"A number of minors who have struggled with same-sex attraction have been able to reduce or eliminate the stress and conflicts in their lives by receiving counseling of their choice which best meets their needs and religious convictions. This bill will harm children, stress families, and place counselors in a catch-22, because they will be forced to violate their licensing ethical codes," said Staver.
California lawmakers have built a long reputation for promoting a free-sex atmosphere in public schools and elsewhere. Majority Democrats on a California state legislative committee at one point killed a plan that would have cracked down on intimate relationships between school teachers and their students.
The unsuccessful Assembly Bill 1861 would have made it a felony if any teacher or employee of a public or private school "engages in a sexual relationship or inappropriate communications with a pupil."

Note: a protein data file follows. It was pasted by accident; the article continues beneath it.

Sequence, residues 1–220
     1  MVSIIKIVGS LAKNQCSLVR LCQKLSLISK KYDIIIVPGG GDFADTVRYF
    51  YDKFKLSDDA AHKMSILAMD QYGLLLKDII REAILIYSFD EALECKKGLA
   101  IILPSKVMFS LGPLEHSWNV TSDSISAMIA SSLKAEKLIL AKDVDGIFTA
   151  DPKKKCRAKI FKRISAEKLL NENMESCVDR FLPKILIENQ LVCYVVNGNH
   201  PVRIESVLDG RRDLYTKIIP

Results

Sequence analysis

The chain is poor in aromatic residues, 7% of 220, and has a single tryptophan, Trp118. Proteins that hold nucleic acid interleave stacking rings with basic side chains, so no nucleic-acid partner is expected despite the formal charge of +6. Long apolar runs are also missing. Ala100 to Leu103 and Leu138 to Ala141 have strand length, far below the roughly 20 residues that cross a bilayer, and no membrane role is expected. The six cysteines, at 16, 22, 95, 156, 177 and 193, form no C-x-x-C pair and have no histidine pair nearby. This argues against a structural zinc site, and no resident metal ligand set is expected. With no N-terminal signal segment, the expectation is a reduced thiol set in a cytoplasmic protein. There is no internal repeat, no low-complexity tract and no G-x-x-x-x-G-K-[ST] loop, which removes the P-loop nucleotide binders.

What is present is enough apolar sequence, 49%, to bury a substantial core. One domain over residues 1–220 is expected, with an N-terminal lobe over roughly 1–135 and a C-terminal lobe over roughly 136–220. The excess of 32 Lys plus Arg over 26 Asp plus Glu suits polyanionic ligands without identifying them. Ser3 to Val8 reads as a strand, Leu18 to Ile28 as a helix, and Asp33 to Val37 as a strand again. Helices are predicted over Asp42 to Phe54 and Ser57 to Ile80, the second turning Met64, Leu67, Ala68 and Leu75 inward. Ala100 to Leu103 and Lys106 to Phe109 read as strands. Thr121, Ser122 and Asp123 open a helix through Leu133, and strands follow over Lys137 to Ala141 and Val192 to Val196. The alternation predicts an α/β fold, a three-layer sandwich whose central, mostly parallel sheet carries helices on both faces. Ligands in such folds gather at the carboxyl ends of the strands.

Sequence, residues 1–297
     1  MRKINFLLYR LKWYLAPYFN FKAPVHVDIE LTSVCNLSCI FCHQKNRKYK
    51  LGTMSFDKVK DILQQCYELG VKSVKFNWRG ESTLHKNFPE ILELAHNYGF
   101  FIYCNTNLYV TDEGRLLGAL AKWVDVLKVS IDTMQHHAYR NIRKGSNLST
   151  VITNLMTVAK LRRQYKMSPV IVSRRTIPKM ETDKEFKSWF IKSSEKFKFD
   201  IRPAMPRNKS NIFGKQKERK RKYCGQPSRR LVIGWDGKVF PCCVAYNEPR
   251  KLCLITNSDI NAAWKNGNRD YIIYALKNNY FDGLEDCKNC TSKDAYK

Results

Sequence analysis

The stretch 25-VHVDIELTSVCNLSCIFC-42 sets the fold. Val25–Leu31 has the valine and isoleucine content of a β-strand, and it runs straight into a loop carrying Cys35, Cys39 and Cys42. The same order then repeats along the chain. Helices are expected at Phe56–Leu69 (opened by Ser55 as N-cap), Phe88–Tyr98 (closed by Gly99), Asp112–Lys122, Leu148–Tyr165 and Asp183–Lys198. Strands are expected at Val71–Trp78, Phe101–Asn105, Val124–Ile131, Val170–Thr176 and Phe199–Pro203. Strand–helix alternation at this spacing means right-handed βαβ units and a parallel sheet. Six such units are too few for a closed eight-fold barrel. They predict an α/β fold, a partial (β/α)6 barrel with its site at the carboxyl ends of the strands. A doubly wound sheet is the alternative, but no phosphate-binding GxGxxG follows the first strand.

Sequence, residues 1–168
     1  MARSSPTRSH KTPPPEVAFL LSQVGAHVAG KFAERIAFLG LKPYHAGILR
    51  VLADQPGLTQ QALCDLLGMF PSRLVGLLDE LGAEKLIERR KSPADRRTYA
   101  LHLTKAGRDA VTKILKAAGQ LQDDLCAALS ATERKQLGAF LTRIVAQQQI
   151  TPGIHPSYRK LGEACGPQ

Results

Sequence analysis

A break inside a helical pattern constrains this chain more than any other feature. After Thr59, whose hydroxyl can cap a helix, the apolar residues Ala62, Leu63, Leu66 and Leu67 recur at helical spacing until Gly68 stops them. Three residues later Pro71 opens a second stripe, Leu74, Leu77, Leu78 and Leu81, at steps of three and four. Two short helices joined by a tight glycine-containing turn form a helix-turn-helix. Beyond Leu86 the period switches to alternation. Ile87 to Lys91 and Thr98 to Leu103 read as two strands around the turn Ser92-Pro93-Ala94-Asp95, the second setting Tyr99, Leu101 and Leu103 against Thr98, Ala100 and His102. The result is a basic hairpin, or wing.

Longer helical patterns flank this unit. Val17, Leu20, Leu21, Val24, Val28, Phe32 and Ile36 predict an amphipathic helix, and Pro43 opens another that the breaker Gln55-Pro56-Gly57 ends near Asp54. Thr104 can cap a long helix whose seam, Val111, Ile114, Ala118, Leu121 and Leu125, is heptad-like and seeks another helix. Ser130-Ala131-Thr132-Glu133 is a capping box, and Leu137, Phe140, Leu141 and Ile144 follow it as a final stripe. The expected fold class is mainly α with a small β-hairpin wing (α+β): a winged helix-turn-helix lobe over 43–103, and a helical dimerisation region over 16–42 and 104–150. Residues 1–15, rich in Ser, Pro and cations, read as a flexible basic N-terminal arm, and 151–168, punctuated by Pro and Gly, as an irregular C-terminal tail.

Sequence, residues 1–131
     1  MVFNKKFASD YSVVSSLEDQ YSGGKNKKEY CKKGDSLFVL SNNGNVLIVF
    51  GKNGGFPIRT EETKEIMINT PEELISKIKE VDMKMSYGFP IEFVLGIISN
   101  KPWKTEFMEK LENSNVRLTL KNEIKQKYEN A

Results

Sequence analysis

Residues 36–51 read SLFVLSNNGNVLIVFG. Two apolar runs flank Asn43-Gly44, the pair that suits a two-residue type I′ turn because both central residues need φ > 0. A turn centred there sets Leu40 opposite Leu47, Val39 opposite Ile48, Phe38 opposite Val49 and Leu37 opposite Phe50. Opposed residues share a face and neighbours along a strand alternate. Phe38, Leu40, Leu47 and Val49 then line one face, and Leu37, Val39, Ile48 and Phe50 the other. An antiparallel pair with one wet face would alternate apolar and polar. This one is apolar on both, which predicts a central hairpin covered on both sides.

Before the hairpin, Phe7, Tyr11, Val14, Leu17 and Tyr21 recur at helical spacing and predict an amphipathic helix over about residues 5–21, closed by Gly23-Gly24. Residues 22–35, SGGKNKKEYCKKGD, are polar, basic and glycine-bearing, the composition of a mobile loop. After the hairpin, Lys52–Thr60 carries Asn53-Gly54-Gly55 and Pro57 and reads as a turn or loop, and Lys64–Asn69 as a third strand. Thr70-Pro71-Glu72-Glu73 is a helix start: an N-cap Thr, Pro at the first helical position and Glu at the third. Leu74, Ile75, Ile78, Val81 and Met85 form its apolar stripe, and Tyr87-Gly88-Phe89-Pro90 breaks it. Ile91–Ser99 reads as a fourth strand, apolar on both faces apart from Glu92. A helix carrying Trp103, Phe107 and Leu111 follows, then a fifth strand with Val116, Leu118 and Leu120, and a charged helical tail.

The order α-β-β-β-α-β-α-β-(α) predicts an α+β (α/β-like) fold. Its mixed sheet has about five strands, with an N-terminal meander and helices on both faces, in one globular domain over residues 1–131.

"This is yet another reason for conscientious parents to flee the dysfunctional, immoral, and imploding government school system for church schools and home schools, which are much safer physically, emotionally, mentally, and spiritually," Randy Thomasson, president of SaveCalifornia.com, said at the time.
"Why are Democrat legislators supporting child sex abuse? Why don't they care about children's immature hearts and minds being immorally manipulated and sexually seduced by public school teachers," he continued then. "It is certifiably evil that this bill to protect school children's bodies was defeated by this Democrat-controlled committee."
Thomasson's group promotes the Rescue Your Child website, which encourages parents to seek out church schools or homeschooling options for their children.